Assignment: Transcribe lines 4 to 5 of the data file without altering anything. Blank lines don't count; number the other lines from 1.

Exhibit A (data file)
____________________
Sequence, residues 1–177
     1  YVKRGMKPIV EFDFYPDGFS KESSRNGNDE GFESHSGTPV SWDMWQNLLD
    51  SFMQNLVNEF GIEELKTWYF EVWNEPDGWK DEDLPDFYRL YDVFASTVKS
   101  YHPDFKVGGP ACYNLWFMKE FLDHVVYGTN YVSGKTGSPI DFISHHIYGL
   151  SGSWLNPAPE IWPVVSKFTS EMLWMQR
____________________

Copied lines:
   101  YHPDFKVGGP ACYNLWFMKE FLDHVVYGTN YVSGKTGSPI DFISHHIYGL
   151  SGSWLNPAPE IWPVVSKFTS EMLWMQR